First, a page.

Our children and grandchildren can continue the progress we are making, and they may create art and build a society more beautiful than we can even imagine.
The point of this text was to see that the future is big. If we keep each other safe the huge majority of humans who will ever live will live in the future.
And this requires us to be more careful and considerate than we currently are. Just as we look back to the heroes who achieved what we enjoy today, those who come after us will remember what we did for them. We will be the ancestors of a very large number of people. Let’s make sure we are good ancestors.
For this we need to take the risks we are facing more seriously. The risks we are already facing are high. Giving this reality the attention it deserves is the first step, and only very few have taken it. The next step will be to identify what we can do to reduce these risks, and then set about doing that.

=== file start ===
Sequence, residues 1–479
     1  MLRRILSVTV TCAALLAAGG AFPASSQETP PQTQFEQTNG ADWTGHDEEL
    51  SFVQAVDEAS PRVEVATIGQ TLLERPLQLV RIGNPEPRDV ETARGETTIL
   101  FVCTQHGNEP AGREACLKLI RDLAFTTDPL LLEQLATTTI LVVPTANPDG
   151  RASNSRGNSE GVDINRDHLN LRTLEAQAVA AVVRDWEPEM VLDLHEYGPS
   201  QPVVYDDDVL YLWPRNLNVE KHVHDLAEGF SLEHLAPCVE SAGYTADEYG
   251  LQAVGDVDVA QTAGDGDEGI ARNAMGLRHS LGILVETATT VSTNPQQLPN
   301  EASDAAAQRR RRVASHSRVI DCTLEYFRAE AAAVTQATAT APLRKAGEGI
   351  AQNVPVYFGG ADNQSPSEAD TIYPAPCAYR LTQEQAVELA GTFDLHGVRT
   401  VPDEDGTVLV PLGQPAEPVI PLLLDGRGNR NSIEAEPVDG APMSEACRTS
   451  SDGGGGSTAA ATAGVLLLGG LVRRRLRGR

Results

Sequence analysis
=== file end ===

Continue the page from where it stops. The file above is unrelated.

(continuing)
Let’s also see the opportunity that we have. Those who came before us left us a much better world; we can do the same for the many who come after us.
Republished with permission of Our World In Data under a Creative Commons license. Read the original article.